Since the last Global Financial Stability Report (GFSR), risks to stability have increased, despite various policy steps to contain the euro area debt crisis and banking problems. European policymakers have outlined significant policy measures to address the medium-term issues contributing to the crisis, and some of these have helped to improve market sentiment, but sovereign financing remains challenging and downside risks remain. If funding challenges result in a round of deleveraging by banks, this could ignite an adverse feedback loop to euro area economies. The United States and other advanced economies are susceptible to spillovers from a potential intensification of the euro area crisis, and some have homegrown challenges to the removal of financial tail risks, including overcoming political obstacles to achieving an appropriate pace of fiscal consolidation. Developments in the euro area also threaten emerging Europe and may spill over to other emerging markets. Further policy actions are needed to restore market confidence. This effort will require building larger backstops for sovereign financing, assuring adequate bank funding and capital, and maintaining a sufficient flow of credit to the economy, possibly by establishing a “gatekeeper” charged with preventing disorderly bank deleveraging.
The euro area debt crisis has intensified further, requiring urgent action to prevent highly destabilizing outcomes.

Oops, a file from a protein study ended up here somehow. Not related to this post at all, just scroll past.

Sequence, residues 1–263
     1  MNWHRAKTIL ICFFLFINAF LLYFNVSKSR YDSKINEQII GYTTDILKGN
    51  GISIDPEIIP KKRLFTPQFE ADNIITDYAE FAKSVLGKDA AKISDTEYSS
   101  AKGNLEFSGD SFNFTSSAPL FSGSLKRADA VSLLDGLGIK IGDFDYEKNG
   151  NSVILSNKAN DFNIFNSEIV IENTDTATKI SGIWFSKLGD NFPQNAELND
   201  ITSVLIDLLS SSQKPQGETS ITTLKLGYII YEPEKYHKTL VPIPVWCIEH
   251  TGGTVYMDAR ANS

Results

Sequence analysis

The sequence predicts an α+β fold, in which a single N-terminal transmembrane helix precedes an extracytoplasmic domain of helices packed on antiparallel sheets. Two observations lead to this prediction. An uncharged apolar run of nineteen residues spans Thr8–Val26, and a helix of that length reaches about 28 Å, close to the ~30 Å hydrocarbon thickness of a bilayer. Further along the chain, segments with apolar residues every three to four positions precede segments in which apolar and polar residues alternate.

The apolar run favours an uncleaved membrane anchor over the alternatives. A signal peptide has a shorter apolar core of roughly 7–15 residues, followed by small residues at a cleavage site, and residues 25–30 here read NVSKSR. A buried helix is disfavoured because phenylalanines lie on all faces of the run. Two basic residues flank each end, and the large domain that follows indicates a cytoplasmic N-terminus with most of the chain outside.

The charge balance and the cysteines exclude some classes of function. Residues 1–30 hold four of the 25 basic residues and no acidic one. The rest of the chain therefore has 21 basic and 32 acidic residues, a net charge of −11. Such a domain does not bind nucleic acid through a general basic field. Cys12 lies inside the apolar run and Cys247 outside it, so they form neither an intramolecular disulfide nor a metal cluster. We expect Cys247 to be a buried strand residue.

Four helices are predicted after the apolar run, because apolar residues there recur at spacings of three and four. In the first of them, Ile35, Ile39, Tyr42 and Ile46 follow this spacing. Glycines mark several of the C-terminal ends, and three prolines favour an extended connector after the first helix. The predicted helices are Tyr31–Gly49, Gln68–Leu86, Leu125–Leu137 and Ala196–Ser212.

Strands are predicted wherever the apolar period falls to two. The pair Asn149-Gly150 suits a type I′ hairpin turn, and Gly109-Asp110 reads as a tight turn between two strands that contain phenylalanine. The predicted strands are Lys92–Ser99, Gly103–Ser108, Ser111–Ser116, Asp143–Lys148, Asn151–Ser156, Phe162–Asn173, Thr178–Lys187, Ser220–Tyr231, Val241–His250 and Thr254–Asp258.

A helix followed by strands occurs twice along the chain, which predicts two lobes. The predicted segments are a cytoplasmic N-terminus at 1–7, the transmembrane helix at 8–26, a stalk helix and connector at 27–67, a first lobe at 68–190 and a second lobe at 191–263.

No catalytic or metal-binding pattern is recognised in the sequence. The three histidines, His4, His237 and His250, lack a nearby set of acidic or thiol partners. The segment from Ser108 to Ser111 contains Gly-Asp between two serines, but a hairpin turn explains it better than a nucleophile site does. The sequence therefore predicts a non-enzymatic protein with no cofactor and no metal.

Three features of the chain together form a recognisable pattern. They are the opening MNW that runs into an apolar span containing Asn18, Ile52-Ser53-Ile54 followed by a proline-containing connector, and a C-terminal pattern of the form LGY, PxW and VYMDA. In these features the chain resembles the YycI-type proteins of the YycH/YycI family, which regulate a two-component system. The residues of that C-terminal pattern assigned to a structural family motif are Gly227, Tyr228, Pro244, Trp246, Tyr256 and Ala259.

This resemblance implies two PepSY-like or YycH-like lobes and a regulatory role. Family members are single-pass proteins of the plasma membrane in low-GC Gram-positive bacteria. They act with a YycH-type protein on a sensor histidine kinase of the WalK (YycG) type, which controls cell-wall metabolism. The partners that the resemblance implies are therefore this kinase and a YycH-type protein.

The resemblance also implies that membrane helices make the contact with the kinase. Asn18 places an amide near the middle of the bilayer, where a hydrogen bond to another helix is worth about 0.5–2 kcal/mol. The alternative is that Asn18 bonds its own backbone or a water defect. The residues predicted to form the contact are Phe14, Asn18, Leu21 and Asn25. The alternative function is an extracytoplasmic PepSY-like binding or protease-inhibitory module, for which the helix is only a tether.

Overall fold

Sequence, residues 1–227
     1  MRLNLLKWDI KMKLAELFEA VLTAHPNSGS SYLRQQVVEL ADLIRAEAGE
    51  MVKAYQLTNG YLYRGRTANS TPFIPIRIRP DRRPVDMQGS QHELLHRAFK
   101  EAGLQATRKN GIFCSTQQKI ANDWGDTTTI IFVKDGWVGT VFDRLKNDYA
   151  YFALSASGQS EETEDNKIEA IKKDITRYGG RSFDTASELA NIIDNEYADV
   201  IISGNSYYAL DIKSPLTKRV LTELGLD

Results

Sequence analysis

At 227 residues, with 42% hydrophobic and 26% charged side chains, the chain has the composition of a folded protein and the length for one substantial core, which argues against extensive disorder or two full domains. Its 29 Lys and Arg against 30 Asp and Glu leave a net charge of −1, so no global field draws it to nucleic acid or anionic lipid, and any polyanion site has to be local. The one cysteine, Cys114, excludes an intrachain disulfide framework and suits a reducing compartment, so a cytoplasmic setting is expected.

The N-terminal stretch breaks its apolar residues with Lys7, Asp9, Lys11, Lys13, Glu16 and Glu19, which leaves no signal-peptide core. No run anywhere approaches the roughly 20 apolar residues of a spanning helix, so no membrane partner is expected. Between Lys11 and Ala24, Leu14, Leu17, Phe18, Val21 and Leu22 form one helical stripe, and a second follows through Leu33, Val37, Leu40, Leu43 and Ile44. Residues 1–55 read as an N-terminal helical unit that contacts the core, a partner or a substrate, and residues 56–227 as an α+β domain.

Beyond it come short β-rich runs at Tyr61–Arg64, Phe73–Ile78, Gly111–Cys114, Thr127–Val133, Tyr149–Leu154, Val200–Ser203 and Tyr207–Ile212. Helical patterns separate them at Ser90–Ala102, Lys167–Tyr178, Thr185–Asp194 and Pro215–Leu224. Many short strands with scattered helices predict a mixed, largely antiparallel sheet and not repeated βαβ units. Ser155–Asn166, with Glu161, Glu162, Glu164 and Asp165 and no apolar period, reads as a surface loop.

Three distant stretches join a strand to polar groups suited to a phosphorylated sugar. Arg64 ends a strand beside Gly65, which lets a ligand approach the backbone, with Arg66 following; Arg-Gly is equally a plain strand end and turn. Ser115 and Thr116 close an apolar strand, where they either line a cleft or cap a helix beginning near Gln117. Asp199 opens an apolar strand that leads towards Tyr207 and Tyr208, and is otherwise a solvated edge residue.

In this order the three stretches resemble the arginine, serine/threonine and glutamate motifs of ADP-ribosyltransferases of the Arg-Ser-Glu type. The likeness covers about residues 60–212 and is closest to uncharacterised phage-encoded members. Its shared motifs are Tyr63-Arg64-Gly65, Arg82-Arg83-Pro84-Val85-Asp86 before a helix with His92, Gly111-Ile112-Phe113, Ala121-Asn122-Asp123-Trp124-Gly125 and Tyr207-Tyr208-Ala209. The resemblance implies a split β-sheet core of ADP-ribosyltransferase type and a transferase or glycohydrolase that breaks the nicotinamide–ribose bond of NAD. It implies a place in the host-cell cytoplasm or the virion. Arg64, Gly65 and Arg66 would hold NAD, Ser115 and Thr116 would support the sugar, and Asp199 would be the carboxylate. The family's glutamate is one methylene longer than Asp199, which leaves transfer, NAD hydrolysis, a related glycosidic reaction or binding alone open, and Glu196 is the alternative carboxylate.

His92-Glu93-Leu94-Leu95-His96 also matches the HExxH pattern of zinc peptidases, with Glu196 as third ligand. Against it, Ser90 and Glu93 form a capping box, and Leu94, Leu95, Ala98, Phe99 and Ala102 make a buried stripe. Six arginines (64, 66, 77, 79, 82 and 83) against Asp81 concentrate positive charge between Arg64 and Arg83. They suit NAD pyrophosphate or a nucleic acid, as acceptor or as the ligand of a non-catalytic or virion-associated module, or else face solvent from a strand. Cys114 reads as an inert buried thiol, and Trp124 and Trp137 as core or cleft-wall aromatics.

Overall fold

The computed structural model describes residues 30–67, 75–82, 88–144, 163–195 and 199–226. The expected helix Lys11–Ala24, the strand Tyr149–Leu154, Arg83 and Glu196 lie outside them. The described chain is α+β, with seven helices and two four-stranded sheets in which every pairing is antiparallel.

Sovereign bond yields in the periphery rose sharply, especially at short to medium maturities, inverting yield curves in the last quarter of 2011 and signaling increased concerns about financing and default risks. As outlined in the September GFSR, policy packages have been insufficient to contain adverse feedback loops, thus trapping some sovereigns in a ―bad equilibrium‖ as long-term foreign investors shed exposures. Domestic institutions were unable to fill the gap, and the European Central Bank (ECB) became a critical support for peripheral sovereign debt through its Securities Markets Program (SMP). As the crisis intensified, it spilled from the periphery into the core with yields rising and spreads widening, including on the sovereign debt of Austria and France. As of end-2011, more than two-thirds of euro area sovereign debt had credit default swap (CDS) spreads of over 200 basis points (Figure 1). Since September, ratings downgrades and negative outlooks across a wide range of euro area sovereigns have also contributed to the rise in yields. Although there has recently been some improvement in market conditions, fundamental challenges remain. … more
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Source: International Monetary Fund